If you’re a parent and you want to do something with your kid that isn’t related to cleaning the toilets or forging through homework, check out these 20 great science projects that you can complete in the confines of your humble abode. Most of them use around-the-home items that you probably have on hand, although some will require a little bit of shopping ahead of time. To help you decide which are best for your children’s needs, the 20 have been divided into projects for younger students and projects for older ones.
The Comic Creator invites students to compose their own comic strips for a variety of contexts (prewriting, pre- and postreading activities, response to literature, and so on). The organizers focus on the key elements of comic strips by allowing students to choose backgrounds, characters, and props, as well as to compose related dialogue (shown at left). This versatile tool can be used by students from kindergarten through high school, for purposes ranging from learning to write dialogue to an in-depth study of a formerly neglected genre. The tool is easy to use, made even easier with the Comic Strip Planning Sheet, a printable PDF that comic creators can use to draft and revise their work before creating and printing their final comics. After completing their comic, students have the ability to print out and illustrate their final versions for feedback and assessment.
Imagine, for a second, a duck teaching a French class. A ping-pong match in orbit around a black hole. A dolphin balancing a pineapple. You probably haven’t actually seen any of these things. But you could imagine them instantly. How does your brain produce an image of something you’ve never seen? Andrey Vyshedskiy details the neuroscience of imagination.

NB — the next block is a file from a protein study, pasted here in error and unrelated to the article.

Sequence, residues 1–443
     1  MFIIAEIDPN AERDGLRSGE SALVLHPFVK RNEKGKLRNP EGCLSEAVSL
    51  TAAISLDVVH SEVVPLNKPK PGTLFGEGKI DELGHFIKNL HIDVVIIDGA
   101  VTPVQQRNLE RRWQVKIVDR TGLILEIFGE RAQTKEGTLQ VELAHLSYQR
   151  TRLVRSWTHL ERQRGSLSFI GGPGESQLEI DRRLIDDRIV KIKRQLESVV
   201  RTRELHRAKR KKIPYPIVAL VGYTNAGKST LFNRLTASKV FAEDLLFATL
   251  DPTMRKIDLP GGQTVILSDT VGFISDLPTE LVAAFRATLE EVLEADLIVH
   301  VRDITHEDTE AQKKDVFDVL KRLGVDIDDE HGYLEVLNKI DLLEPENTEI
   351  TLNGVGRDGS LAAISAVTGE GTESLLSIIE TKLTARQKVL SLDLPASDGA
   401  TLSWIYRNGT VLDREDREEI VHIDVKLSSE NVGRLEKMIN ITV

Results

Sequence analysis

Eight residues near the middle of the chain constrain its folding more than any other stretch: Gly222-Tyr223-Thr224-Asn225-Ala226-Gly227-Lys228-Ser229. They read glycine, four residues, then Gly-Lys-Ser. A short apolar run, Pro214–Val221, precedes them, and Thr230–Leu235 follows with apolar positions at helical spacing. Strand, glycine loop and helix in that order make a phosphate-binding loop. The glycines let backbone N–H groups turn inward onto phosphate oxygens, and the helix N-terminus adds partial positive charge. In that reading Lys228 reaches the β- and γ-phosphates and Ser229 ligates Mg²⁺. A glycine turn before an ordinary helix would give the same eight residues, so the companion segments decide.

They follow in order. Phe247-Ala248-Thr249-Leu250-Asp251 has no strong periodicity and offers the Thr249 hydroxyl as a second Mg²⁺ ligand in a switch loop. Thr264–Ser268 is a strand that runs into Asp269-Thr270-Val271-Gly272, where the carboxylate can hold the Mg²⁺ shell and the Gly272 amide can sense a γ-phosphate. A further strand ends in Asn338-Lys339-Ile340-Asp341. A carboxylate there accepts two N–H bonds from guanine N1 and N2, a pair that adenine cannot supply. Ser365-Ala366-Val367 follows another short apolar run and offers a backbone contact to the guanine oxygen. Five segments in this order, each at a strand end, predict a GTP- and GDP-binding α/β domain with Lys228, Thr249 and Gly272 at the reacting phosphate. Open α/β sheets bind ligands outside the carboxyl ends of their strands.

In our interactive session for “Makerspace in the Library: What it means for your Classroom,” we really let our participants drive the learning.
We started out with an introduction for each expert presenter (here is our slidedeck with presenter info and resources we referred to during the session.) Then the rest of the learning was hashed out through lively table discussions.
Other Workshop Leaders:
Buffy Hamilton, Title I Writing teacher, former librarian; Atlanta, GA Zach Duensing, Nashville Public Library Valerie Jopeck, Elementary Library Education Specialist, Fairfax County Public Schools, VA K-Fai Steele, Program Associate, National Writing Project
Jim Lerman's Insight:
Quite a substantial and informative recap of what must have been a lively discussion.